Conditional Compilation In Java

Java doesn't have conditional compilation, but you can ...

Exploit the Optimizer

You can get some of the effect by exploiting the optimiser. The JavaIdiom looks like this.

	public class Assert {
		public static final boolean isEnabled = true;
		public static void assert( boolean c, String s ) {
			...
		}
	}

void test( int x ) { if (Assert.isEnabled) Assert.assert( x >= 0, "test("+x+"): argument must be >= 0" ); }

Most (all?) Java compilers will optimise out the call to assert if isEnabled is set to false. Test() will become a null routine. It won't even evaluate the arguments to assert.

You should be able to replace Assert.isEnabled with any constant condition. In practise it can fail to optimise even for apparently trivial cases, like:
	if (Assert.LEVEL >= Assert.FULL_LEVEL)
where LEVEL and FULL_LEVEL are static finals. This may vary with compiler. If the expression involves a function call, like:
	if (Assert.isEnabled())
it cannot be optimised at compile time because of Java semantics. It might be optimised at link/load time but I wouldn't bet on it. If you really care about efficiency, test it on your target platform and/or use only the first, most simple case. The probability can be increased by declaring isEnabled() final.

This is not true conditional compilation because the compiler will check the body of the if for syntax and type errors. It is just an optimisation. However, sometimes it is all you need. You can build on it if you want, for example a class factory:
	Database newDatabase() {
		return Debug.isEnabled ?
			new DebugDatabase?() : new FastDatabase?();
	}
You can then put whatever code you like in DebugDatabase? and it will only get called when appropriate.

For further flexibility you can make the isEnabled flag not final during development, which allows you to turn debugging output on and off dynamically (from a command-line switch, for example). Only when you build the final version need you make the isEnabled flag final.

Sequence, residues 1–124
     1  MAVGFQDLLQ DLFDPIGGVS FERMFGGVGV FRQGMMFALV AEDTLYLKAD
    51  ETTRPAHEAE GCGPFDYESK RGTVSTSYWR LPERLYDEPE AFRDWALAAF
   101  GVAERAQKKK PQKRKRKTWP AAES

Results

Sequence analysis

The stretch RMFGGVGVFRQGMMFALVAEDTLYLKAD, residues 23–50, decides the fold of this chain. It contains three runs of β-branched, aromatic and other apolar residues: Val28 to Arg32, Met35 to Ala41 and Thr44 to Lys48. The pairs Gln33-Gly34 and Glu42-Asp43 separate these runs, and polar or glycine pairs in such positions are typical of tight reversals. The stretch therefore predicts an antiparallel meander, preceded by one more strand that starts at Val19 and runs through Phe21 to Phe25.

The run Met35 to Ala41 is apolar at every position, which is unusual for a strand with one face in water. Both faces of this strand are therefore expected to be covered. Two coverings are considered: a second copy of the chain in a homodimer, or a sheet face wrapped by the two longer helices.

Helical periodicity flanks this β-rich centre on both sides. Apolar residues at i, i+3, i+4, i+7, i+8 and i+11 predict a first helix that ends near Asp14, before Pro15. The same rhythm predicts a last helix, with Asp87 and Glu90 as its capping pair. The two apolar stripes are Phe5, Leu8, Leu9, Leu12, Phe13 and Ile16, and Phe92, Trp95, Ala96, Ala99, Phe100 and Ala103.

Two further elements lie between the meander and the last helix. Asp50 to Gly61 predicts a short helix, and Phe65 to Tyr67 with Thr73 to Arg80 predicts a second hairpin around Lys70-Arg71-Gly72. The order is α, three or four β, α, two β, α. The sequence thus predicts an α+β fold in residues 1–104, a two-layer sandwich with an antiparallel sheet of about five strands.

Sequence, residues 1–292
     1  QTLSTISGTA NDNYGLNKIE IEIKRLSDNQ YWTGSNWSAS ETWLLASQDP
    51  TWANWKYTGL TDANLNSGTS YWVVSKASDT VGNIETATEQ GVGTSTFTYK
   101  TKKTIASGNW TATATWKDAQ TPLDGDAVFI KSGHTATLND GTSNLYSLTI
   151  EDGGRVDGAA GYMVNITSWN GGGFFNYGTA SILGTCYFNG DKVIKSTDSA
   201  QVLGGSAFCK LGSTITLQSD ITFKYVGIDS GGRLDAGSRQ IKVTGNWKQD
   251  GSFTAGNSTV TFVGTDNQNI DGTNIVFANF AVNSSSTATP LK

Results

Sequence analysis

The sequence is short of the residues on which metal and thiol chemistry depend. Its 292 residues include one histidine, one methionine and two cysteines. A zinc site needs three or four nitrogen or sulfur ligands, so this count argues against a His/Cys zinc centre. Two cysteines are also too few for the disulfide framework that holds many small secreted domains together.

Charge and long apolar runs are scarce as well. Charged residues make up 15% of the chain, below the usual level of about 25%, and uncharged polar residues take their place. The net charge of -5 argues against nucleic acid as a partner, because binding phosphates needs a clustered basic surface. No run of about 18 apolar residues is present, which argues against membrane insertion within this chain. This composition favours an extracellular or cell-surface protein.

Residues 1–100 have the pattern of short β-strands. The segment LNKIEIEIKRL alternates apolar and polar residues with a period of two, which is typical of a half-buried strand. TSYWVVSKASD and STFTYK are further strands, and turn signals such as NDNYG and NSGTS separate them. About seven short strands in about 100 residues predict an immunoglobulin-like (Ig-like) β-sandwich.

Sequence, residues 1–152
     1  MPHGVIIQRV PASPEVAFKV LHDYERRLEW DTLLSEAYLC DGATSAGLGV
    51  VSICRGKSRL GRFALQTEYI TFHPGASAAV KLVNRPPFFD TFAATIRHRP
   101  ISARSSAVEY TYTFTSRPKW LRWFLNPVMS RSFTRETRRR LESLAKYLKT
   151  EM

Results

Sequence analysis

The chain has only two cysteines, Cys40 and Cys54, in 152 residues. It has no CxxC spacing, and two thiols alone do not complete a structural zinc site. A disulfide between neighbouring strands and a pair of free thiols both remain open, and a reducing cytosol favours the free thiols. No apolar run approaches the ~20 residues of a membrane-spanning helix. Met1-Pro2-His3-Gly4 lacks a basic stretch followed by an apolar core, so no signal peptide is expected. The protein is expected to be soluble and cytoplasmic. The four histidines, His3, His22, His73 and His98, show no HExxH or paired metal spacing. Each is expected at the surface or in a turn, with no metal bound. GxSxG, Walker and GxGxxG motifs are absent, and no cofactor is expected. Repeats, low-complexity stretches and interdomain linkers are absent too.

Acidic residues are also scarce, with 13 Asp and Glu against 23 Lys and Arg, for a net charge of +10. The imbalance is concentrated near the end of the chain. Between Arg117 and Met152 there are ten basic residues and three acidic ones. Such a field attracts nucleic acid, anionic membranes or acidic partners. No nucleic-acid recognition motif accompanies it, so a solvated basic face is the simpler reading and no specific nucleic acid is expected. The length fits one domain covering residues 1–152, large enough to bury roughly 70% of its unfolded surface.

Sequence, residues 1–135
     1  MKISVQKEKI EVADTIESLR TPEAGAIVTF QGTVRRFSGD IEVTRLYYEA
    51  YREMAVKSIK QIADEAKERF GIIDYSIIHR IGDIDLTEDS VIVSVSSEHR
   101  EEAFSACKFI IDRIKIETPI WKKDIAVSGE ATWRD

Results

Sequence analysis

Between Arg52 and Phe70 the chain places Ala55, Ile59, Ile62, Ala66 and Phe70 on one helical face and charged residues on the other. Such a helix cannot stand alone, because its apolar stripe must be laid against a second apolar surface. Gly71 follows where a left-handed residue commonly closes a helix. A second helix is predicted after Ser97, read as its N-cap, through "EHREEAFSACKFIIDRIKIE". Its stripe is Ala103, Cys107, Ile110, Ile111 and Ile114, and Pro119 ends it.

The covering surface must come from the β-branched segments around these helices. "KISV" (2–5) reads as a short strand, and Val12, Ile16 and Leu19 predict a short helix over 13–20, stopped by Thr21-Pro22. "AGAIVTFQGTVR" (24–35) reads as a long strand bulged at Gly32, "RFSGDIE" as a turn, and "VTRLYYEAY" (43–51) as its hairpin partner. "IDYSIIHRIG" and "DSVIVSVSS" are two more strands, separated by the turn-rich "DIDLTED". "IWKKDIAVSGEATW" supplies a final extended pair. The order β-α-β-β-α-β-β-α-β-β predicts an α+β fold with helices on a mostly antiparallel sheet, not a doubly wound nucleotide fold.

Use assert since Java 1.4

For what it's worth, JDK 1.4 has introduced a new keyword, assert, available with a command-line switch. This will affect us mostly in that JUnit 3.7 has marked its assert methods as deprecated; use assertTrue instead.

Use a preprocessor

If you need preprocessing (do you really do?), then why not use a preprocessor like m4?

ApacheAnt has a lot of useful "filters" to do special variable replacement and other preprocessing.

Use another language

Microsoft Visual J++ 6.0 has ConditionalCompilationInJava, only thet the language itself is not Java (guess why they call it J++ and not Java?). (Because Java is a Trademark of SunMicrosystems, and it requires to implements the exact specification of Java language -- ArturoTena)

Worth noting that there are plenty of supersets of java - jump, pizza, etc. - that give you conditional compilation, closures, templates, operator overloading and various other nonstandard bits and pieces that still generate jvm bytecode. And there are numerous compilers for other languages - prolog, scheme, etc. - that'll also output bytecode. Of course they don't have MicroSoft marketing them, so I guess they're not likely to get accepted any time soon.
JIT does it for us

For optimization, the final is the crucial signal to the JVM. But if that boolean is in a far-off class, can it really be optimized at compile time? It seems to me the compiler must always include the full unoptimized code, since Java treats classes as atomic. The value of isEnabled in the Assert class may change *after* we have compiled our Test class. Optimization is still possible, but only at runtime. It seems JIT does provide this: http://stackoverflow.com/questions/1813853/ifdef-ifndef-in-java#1813944
See also: JavaIdioms, EfficientContractsInJava.
CategoryJava

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